Armor of God: Gearing Up for Team Jesus

Source: Armor of God: Gearing Up for Team Jesus

Gear up! Dress out! Put on the armor of God, and get in uniform for Team Jesus  (as prayer-a-phrased from Ephesians 6.)

 

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10 tips for sermons that keep everyone awake

Source: 10 tips for sermons that keep everyone awake

Sermons aren’t meant to be lullabies or long songs that drone on and on, lulling people to sleep! The idea of a weekly message is not to offer advice or tell people what to do but to show the relevance of God’s Word as you work and pray for a Christian faith community of Christ-like love.

These tips will help you get to the point, be concise, and, most important, encourage Christlike lives and actions.

Getting real with God

Lent brings a 40-day reminder to get real with God – a practice among Christians that encourages us to give serious thought to our words and actions, which better prepares us to receive the joy and power of Easter.

Instead of glossing over flaws, failures, or areas of unforgiveness, we can face our realistic struggles with doubt, fear, or worry and arrive at a new understanding of how powerful faith is — even when it’s no bigger than a mustard seed.

Jesus’ apostle Thomas understood this. Although he’d been willing to die for Christ, he didn’t want to take the word of other followers when Jesus returned from death. He needed to see for himself.

Thomas

Why did you doubt
the real live blood that sprouted
from Christ’s side and bloomed
in the room where you gathered –

   a bouquet of wine
   poured behind
   closed doors?

Could you not see the pores
opened, aching for you, always
to be, not beside yourself,
but Him?

His side lay bare to let you in,
so enter now. Come round His side
and worship Him again.

by Mary Harwell Sayler, (c) 2014, from poetry book Outside Eden

 

Thomas did “come round,” immediately declaring “My Lord and My God!” and that declaration carries even more impact because the Bible did not previously cover up his doubt.

The Bible does not pretend we’ll have a perfectly lived life. Expecting that can become a hindrance to our relationship with God, especially if we think we’ll have nothing but prosperous, carefree days. If, however, we expect no special exemptions from trouble — and if we believe our Perfect Father God never, ever leaves us — we’re poised to relax and take an Olympic-sized leap of faith.

Lost in Faith

Abandoned
by You, Lord?
Never!

Abandonment
by me….
Yes!

I throw myself
on Your mercy.

by Mary Harwell Sayler, (c) 2017, from poetry book Lost in Faith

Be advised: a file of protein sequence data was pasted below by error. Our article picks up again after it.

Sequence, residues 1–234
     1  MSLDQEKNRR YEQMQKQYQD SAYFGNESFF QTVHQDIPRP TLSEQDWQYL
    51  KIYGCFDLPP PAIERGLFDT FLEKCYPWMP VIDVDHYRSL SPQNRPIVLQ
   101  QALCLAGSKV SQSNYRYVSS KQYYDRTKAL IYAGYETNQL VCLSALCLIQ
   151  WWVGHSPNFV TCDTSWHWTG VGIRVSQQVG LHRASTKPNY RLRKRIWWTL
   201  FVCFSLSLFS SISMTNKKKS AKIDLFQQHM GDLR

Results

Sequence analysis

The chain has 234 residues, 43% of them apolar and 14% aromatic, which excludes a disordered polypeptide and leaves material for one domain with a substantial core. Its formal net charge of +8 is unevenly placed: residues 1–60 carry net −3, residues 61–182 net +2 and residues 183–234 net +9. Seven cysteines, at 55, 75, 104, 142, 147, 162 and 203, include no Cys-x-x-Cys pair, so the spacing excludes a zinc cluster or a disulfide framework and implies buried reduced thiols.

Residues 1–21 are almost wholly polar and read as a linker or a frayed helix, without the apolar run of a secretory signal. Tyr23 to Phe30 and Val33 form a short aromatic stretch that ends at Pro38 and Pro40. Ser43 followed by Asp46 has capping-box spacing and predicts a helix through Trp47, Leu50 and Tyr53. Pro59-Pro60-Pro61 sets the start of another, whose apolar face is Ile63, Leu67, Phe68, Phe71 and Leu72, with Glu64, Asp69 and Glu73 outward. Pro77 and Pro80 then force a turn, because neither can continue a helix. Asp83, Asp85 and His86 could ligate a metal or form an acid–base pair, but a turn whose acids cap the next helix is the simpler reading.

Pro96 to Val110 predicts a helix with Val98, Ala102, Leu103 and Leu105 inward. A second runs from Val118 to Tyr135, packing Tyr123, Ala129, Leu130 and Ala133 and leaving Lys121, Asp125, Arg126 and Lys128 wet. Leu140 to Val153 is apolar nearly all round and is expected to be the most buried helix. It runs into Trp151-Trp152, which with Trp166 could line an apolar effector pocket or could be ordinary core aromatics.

Shaping memory into poetry

486
Mary in middle school

National Poetry Month (NaPoMo) reminds us to buy poetry books and journals, study poetry forms and techniques, and, perhaps, let our poems address memories or issues we need to work through and/or commemorate.

Both occurred for me, for example, when a childhood memory stayed with me vividly for decades, but I wasn’t sure why until I revisited the event in this poem:

Down Kinney Town
by Mary Harwell Sayler

Feet bare, the girls came up today,
and Mama gave them ouch-grown shoes
that once belonged to me or Kay,
but, oh, I longed to give them too.

Two girls they were: soiled blonde, unkempt –
not like Mama’s girls who shone
in new-sewn clothes and often dreamt
of finer galaxies than home.

With clean hands bare, could I, a child,
share much with girls from a small shack, wild?
But one said, “Come,” so I went down –
down the tangled path to Kinney Town.

Theirs was adventure I could play.
A cold potato rationed me –
eyeless, grown in soil, unbent. They
gave that last leftover. Free.

I took.
Then home I went with backward look.

As I worked on that poem, I realized what bothered me was the amazing generosity of those two girls, who had almost nothing to give but needed to give something. In my naivety, I most likely ate their dinner, but the poem, which I included in my book Living in the Nature Poem published by Hiraeth Press in 2012, also reminded me why I still love cold baked potatoes.

May Christ arise in you!

Resurrection

It was finished.
There was nothing left to do
but take down Jesus’ body
and hide it quickly
from mind, from view.
The terror of the tomb
closed the matter,
once for all,
wrapping sin
for its descent
into down-falling darkness
where never light had been.
Even from the Upper Room
no one had known our own
souls would be exhumed.
But Christ arose.
And with Him angels rolled
away the tombstone,
shroud, and doubt –
releasing all
who wanted out.

© 2014, 2016, Mary Harwell Sayler – poem included in book of Bible-based poems, Outside Eden

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